Sunday, Apr. 21, 2024

Part 3: More Support, More Veterinarians

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This is Part 3 of “Equine Practitioners Are Becoming An Endangered Species,” an exclusive in-depth look at the current state of the equine veterinary industry that originally appeared in the May 8 & 15, 2023, edition of the Chronicle. Read Part 1 and Part 2 here.

Other changes in the equine veterinary industry are centered around supporting new veterinarians and veterinary students (and even undergraduate students) to encourage them to get in, or stay in, the field.

Rhonda Rathgeber, Ph.D., DVM, is part of the field care service at Hagyard Equine Medical Institute in Lexington. Her daughter is currently a sophomore at Auburn University (Alabama) and planning to pursue equine medicine, so she has seen the hurdles that students face.

“I would listen to what her advisors would tell her, and she got a job at the vet school as soon as she got to Auburn and what all the doctors were telling her at Auburn about how horrible equine practice was, she shouldn’t do it,” Rathgeber said. “And to be honest, it was gut wrenching to me because I’ve made a really good life being an equine veterinarian, and I was proud that she could see me doing something I loved—and for her to want to do it and then have so much discouragement, it’s just disheartening.

“I feel like we’re losing them at all levels,” she continued. “And I am all in. I am very, very passionate about it. I want to be able to retire, and I want to have the veterinarians to take care of the amazing horses I’ve been able to take care of.”

The student subcommittee of the AAEP commission is tasked with improving the AAEP student chapters at veterinary schools. Rathgeber is also involved with an effort called Next Gen Equine Vet Medicine, which hosted its first session with 55 undergraduate students from 16 schools in Lexington in March to encourage and guide them toward equine practice.

For potential equine vet students, the shortage of veterinarians can be an opportunity. Frank Sorge For arnd.nl Photos

At the University of Pennsylvania’s School of Veterinary Medicine, Liz Arbittier, VMD, CVA, was likewise distressed at the state of the industry. In the spring of 2022, Arbittier, associate professor in equine field service and associate director of student affairs at New Bolton Center, started the Penn Vet Task Force on Recruitment and Retention, which she believes is the first of its kind at a veterinary school.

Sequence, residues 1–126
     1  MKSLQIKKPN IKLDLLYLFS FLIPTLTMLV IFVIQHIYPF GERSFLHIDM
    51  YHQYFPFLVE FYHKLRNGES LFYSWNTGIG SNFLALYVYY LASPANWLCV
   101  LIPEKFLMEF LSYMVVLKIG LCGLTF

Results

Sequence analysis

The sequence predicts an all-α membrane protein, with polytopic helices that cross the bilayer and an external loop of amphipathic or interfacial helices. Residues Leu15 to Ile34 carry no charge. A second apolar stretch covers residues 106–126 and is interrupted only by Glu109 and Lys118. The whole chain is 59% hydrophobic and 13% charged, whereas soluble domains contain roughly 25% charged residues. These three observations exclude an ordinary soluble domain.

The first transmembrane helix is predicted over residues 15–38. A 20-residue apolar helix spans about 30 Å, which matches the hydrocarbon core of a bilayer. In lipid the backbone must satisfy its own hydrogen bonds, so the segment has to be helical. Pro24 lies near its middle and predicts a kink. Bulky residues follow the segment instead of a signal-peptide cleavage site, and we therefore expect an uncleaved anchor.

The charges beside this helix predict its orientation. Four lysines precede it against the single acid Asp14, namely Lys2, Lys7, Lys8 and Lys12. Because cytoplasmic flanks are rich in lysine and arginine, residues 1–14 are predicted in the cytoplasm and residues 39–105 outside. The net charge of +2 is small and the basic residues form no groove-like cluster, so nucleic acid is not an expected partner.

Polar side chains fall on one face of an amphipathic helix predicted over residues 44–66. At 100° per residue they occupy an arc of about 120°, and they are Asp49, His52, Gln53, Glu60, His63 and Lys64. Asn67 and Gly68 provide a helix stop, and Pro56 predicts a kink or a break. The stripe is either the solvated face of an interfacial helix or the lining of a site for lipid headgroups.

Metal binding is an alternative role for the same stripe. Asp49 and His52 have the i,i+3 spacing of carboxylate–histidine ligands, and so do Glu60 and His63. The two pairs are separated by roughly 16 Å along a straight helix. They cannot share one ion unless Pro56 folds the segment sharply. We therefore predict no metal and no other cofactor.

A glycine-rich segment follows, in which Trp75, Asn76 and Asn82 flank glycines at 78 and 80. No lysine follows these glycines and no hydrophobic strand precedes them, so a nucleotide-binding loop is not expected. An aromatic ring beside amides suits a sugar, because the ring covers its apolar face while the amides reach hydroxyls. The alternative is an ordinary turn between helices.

“Anyone paying attention for the past 10-plus years can see that this industry has attempted to wipe itself out,” she said. There’s an expectation that “if you’re not giving literally everything you have, you’re not as good or as dedicated as the vets who do, and you won’t be as successful.

“All of a sudden, six or seven years ago, we were getting calls from practices all over the country looking for new grads to hire when [before] nobody ever wanted to hire new grads without them doing an internship,” Arbittier said.

The task force will try to develop better ways to support equine students, hosting Zoom panel talks with equine practices that are employing updated practice philosophies and with young practitioners who are successful and enjoying their work.

“I’m just trying to explain to [the students] how much things have changed,” Arbittier said. “And that’s why I do all these panels, with vets from all over the country, who are finding creative ways to make the job work for them. I had one vet on a panel who works three days a week, and all she does is emergencies. But that works for her because she’s off the other days. I have people with all this super creative scheduling and four-day work weeks are becoming more and more prevalent. I just want to show the students that it can be done.”

Another focus of the task force is educating the educators about the impact their misconceptions about the field—outdated ideas that equine vets work seven days a week and are on call all the time—can have on students.

“We have two problems. We have private practitioners actively discouraging students from becoming equine vets. And then we have people at the academic level, so at the universities,” Arbittier explained. “And there’s a reason for that, right? The profession did it to itself, and those stereotypes used to be true. They’re still true in a lot of practices. But the truth is, no new graduates are choosing to work for those practices. And it is forcing change, which I find very exciting.”

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Rathgeber says that when she speaks to potential equine vet students, she frames the shortage as an opportunity.

“I think it’s a great time to be an equine veterinarian because of the shortage. You can be as creative as you want and pick your hours, negotiate your pay,” she explained. “There’s all kinds of different specialties as well, that you can work less hours, still be very specialized, and still have a really, really great life. So there are way more creative options than there were many years ago when it was just work seven days a week and get it done.”

There are also efforts to better support those in practice. Grice founded the organization Decade One in 2015, geared toward equine veterinarians in their first decade of practice. It’s modeled after a management group she was in for large referral practices. She found the relationships and support developed there to be hugely helpful in running her own practice, giving her colleagues to speak to across the country about similar experiences.

“As I got to know lots of interns coming through our practice, I realized that they really needed the same kind of an opportunity to have peers that allowed them to sort of freely share what they were going through, without it being with someone at their practice where they were working, where they could be judged or considered to be whiny or needy. They needed community,” she said. “Younger doctors sort of often felt like they didn’t know anyone, they didn’t have anybody to share their concerns or just to say, ‘I had a really sad case today, and I feel really sad,’ or ‘I’m exhausted,’ or, ‘I can’t believe I haven’t had a day off in 13 days. I’m just driving around crying.’ ”